California by Grimes
My little brother is a producer, musician, and multi-instrumentalist, and I’m emphatically none of those things. That’s why he’s much quicker to catch onto good music than I am. I have good taste sometimes, but other times I just wanna turn my brain off and enjoy something objectively indefensible. I’ve listened to Big Sean’s “I Don’t Fuck With You” a lot, if that gives you a frame of reference here.
So when my brother urged me to listen to the 2015 Grimes album Art Angels upon its release, I passed because I was not in the mood to be challenged that day. “Grimes” is a vaguely upsetting name, the album art for Art Angels was creepy, and the opening track, “laughing and not being normal,” had irregular capitalization that offended me. There is so much music to listen to and so little time, and I was willing to filter out anything that signaled to me that it would be grating and unenjoyable.
2016 was a very bad year for me, which I know is not a novel thing to say because it’s universally accepted as terrible for the world in general. But I started that year with carpal tunnel syndrome at a job that was giving me daily anxiety attacks. My boss would sometimes yell at me until I cried over miscommunications that were his fault. I moved in with my mom to save money so I could quit that job and see if my hands healed; they did not but at least I was unemployed and living at home, so now my anxiety and depression could really blossom. I scheduled two surgeries for my wrists and elbows. I applied to grad school, I auditioned for grad school, I got into grad school, I toured the grad school and realized it wasn’t for me. So then I had no plan for my life. I was in a relationship that had recently become long-distance and we’d recently accepted that it would soon be a non-relationship.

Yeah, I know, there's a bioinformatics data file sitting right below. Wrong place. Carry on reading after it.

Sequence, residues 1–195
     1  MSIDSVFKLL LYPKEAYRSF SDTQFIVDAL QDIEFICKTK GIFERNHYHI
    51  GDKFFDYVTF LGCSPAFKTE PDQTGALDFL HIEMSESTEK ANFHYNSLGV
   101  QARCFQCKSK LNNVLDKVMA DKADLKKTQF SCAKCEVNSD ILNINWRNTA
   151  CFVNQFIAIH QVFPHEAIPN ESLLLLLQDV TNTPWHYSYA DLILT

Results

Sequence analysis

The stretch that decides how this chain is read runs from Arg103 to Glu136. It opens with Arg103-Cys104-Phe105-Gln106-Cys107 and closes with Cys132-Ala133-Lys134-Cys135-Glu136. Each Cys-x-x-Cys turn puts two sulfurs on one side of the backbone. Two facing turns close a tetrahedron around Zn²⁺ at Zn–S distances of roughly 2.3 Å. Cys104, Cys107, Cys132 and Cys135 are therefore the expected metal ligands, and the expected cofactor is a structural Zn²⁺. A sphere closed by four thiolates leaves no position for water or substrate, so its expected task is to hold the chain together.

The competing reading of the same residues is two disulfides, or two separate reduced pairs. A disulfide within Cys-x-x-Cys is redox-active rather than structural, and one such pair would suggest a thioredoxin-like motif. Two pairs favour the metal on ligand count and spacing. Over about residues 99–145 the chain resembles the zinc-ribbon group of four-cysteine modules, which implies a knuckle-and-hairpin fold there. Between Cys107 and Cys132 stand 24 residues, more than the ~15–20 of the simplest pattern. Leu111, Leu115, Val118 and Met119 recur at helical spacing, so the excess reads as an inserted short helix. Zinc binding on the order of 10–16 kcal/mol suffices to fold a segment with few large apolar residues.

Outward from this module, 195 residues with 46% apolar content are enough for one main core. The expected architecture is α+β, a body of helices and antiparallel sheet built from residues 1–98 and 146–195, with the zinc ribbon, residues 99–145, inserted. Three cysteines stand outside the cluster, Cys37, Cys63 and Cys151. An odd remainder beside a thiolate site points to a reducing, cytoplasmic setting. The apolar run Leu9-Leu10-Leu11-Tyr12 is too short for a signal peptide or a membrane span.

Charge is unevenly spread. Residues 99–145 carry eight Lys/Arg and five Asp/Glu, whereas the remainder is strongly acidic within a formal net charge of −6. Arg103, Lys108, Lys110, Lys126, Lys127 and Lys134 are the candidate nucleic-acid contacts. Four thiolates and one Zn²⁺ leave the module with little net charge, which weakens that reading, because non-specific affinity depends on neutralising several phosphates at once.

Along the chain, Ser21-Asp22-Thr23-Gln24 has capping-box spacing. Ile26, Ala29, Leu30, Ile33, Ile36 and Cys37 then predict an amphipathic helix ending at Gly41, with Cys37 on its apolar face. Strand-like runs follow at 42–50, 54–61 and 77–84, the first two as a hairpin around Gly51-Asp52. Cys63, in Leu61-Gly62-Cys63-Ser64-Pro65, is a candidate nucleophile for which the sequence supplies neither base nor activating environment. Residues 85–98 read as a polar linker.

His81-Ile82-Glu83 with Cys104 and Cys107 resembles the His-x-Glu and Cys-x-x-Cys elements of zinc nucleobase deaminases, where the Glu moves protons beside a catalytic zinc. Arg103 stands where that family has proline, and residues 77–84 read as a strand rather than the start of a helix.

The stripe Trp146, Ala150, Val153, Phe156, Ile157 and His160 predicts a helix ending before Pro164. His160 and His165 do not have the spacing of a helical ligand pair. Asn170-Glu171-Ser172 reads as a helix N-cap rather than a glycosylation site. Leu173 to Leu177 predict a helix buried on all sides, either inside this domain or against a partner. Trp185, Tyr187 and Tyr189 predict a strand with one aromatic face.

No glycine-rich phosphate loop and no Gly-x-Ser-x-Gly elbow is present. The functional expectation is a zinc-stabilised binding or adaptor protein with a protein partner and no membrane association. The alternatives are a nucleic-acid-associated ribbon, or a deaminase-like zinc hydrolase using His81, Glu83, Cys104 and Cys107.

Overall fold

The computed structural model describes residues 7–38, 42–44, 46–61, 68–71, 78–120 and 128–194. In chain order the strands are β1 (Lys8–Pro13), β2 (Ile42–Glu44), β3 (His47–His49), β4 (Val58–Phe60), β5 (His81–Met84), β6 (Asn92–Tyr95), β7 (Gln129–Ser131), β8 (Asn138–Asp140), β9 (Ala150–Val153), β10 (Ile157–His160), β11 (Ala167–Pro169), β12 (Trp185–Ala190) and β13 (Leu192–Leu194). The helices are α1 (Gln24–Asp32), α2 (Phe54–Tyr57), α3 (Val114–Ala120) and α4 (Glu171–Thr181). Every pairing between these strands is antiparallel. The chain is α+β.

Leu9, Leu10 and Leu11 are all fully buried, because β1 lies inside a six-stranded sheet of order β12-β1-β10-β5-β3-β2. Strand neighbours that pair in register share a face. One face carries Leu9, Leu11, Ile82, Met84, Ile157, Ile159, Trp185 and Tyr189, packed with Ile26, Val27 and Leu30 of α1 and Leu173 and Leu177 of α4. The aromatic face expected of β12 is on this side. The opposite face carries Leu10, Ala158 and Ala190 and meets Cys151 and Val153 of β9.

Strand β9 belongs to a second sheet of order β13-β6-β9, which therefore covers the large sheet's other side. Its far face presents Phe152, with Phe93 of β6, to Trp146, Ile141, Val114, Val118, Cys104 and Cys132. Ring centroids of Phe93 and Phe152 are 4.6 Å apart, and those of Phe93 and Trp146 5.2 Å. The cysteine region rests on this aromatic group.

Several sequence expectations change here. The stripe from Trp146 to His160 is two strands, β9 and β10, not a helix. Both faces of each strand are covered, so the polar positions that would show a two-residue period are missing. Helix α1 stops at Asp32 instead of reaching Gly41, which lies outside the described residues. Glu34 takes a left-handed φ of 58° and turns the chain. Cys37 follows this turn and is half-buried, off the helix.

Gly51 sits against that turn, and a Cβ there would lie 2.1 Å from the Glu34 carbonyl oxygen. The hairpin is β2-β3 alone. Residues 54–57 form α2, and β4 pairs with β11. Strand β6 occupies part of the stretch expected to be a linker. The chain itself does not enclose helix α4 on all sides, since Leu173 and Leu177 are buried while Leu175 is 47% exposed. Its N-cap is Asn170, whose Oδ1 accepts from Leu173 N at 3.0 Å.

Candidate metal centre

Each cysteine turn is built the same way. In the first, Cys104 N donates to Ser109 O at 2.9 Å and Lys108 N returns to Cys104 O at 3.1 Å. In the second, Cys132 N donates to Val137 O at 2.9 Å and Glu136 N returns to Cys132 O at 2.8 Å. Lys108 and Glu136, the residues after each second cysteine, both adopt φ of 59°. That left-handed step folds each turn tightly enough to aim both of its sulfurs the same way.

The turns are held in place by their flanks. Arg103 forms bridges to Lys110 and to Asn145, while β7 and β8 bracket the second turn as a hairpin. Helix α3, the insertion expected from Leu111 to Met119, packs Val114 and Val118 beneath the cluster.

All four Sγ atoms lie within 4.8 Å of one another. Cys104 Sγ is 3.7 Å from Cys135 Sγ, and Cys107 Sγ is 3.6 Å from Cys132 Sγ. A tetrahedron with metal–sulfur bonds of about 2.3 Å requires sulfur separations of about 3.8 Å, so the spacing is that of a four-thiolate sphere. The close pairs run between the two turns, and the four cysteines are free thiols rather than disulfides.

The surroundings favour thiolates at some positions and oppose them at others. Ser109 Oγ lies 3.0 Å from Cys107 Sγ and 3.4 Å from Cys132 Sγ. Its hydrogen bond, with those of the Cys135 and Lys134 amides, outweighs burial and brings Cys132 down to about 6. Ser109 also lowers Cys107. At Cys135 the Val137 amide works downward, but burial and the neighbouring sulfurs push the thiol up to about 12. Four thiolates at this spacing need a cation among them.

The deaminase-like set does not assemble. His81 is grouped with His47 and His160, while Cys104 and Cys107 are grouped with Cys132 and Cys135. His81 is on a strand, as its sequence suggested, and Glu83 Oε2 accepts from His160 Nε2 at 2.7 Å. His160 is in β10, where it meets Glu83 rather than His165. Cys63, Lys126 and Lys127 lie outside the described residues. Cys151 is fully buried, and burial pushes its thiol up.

This big picture was bad, but the day-to-day was somehow worse. My days were divided into two parts: hiding in my room and pacing around the house. Talking to another person was hard, so I’d retreat to my bed once my mom got home from work and binge TV until I fell asleep. During the day, when I had the house to myself, I’d pace. My carpal tunnel meant I couldn’t use my phone or computer too much and my life circumstances meant that my brain was a garbage can full of rotting emotions, so I just walked around the house, lap after lap, the world’s most dismal Indy 500. I’d listen to podcasts for as long as they could hold my attention, flip through magazines, and devour my Spotify Discover Weekly playlists to see if some new track would provide a distraction from everything. One Grimes song did.
It was the chipper, pitch-shifted “Ca-a-a-a-a-alifornia!” that grabbed me first. It was catchy verging on ridiculous, even annoying, but saved from cloying sweetness by that propulsive, four-to-the-floor drumbeat. Later I listened to it again, more closely, and found more to like: the sunny banjo, how pretty Claire Boucher’s cooing vocals were, the buzzing synth that builds energy every time it comes in.
And that’s when I fell in love with Grimes — just kidding! I still didn’t get her whole thing. I tried again to listen to Art Angels, but the song after “California” on the album is “SCREAM,” a showcase for Taiwanese rapper Aristophanes with Grimes providing feral animal sounds and shrieking in the background. I again wrote it off as not for me, but I saved “California” to my liked songs.